>>  be redundant, while that in "unclog a drain" can never be.
>>  But while "undrain (oneself)" is probably not regional, it reminded
>>  me of a verb that I think is, "unlax" (with the meaning 'relax', but
>>  usually--if google cites can be believed--in transitive contexts,
>>  although I could be wrong about that). One cite led me to a curious
>>  American Speech paper from awhile back:
>>  Margaret Reed (1932), "Intentional Mispronunciations". American
>>  Speech 7: 192-99.
>  >
>>  This covers what Reed took to be a fad among the "light-hearted
>>  youth" of Central Westerners (she's writing from Nebraska) to
>>  circulate...well, intentional mispronunciations. (She's following up
>>  on a paper by Louise Pound from 10 years earlier in _Dialect Notes_.)
>>  Her categories include everything from adding or subtracting
>>  syllables and restressing (antique as "an-tee-cue", "champeen",
>>  "the-'ater"), tensing lax vowels ("genu-wine"), borrowing of "vulgar"
>>  pronunciations ("agin", "extry", "who'd-a thunk it", "varmint"), "Al
>>  Smith" English [a.k.a. Brooklynese, not a moniker Reed herself
>>  applies] ("boid", "noives", "toity-toid street", "winegar woiks"),
>>  the "extremely annoying" affectation of children's speech ("sojer",
>>  "sword" [with /w/, as we've been discussing recently], "Injun", "ax"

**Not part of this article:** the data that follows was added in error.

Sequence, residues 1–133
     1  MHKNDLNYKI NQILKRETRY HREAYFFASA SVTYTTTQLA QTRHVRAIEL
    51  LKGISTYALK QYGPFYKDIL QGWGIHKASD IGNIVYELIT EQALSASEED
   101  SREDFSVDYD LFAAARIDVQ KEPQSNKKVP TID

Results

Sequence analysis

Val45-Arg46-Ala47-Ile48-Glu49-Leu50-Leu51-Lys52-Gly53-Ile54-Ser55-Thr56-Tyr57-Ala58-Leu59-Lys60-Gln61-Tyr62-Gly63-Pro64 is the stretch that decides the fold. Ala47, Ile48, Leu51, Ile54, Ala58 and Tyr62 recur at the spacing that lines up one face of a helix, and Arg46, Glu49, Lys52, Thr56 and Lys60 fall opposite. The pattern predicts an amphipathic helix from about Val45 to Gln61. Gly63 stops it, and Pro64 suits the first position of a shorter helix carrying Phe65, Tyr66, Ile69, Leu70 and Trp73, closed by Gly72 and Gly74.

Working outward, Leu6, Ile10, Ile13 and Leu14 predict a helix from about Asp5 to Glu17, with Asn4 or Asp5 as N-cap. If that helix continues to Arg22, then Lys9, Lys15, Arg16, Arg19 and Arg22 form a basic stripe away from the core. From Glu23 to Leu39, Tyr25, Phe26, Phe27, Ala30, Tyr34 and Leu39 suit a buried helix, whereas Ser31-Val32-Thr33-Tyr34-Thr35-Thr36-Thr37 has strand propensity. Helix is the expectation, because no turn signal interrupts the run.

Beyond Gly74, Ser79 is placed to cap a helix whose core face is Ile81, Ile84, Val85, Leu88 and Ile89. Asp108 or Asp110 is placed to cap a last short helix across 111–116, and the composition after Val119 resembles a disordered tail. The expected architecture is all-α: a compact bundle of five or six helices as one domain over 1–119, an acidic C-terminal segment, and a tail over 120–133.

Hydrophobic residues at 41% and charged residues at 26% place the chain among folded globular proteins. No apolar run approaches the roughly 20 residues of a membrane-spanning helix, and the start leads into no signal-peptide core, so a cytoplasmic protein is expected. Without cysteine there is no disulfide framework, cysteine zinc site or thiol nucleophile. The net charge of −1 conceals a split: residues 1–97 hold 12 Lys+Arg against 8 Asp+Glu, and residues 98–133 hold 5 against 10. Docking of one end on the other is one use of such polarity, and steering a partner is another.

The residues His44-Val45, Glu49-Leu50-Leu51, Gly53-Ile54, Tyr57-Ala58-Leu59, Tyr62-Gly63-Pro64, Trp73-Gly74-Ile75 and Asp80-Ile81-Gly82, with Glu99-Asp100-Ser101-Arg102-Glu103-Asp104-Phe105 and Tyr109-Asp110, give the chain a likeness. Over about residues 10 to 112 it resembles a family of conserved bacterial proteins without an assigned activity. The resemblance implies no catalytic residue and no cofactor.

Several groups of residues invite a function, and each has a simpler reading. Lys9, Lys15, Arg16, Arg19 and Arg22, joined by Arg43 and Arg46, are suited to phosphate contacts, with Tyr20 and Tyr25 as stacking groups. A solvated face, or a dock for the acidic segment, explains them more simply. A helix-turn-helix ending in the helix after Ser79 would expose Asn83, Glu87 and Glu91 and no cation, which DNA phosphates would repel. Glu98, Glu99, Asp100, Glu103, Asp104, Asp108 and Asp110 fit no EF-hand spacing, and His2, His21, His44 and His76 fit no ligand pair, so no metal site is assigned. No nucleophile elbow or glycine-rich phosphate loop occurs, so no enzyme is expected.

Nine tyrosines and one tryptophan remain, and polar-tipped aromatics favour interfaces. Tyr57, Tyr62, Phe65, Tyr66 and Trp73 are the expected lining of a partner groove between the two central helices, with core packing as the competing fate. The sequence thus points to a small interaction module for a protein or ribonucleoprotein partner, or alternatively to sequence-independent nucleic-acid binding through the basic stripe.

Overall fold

>>  for 'ask' [!-- she does add 'also archaic' for this], "itty bitty"),
>>  Yiddishisms ("epple", "darlink", "dun't esk"), various other dialect
>>  borrowings ("enyhoo", "pitcher" [for 'picture'], "divil"), blends and
>>  folk etymological forms ("bumbershoot", "brass-ear", "animule",
>>  "absotively"), misdivisions ("a tall", "a norange", but not "a whole
>>  nother"), spelling pronunciations ("k-nife", "g-nat", "X-mas"), and
>>  so on. She ends with the wistful hope that while "human nature" may
>>  be responsible for perpetuating this fad (or these fads--unclear how
>>  many causal factors are involved), "surely, in its fullest and most
>>  extreme form, the phenomenon is now passing its peak".
>>  So anyway, one of Reed's categories (p. 194) is what she terms '"Amos
>>  and Andy" English, heard over the radio, which is so much in vogue at
>>  the present time. It is not at all unusual to find the most
>>  fastidious speakers employing such forms as: [I sample here]
>>  disremember or misremember, elebben, heabbn, recited (excited),
>>  sebben, unlax (relax)". Now several of her examples involve
>>  /vn/>/bn/, a frequently encountered variant, not restricted to (but
>>  maybe stereotypic of?) AAVE. And of course we're dealing here with
>>  dialect forms at several removes from direct observation.
>>  But I'm wondering specifically about her citing of "unlax", which
>>  I've come across elsewhere noted as AAVE (although not necessarily
>>  AAVE-specific). DARE (at least the published volumes) can't help me
>>  here, nor can HDAS, given the initial "u". So what is the
>>  distribution/history of "unlax"? (It's unlisted in the OED, AHD, or
>>  Wright's English Dialect Dictionary.) Joan, do you have a draft
>>  entry for this?
>>  LH
>>  P.S. I am, of course, concerned only with the colloquial verb,
>>  transitive or intransitive, meaning (roughly) 'relax', not with the
>>  possible homonymous adjective, as in "/I/ is lax while /i/ is unlax".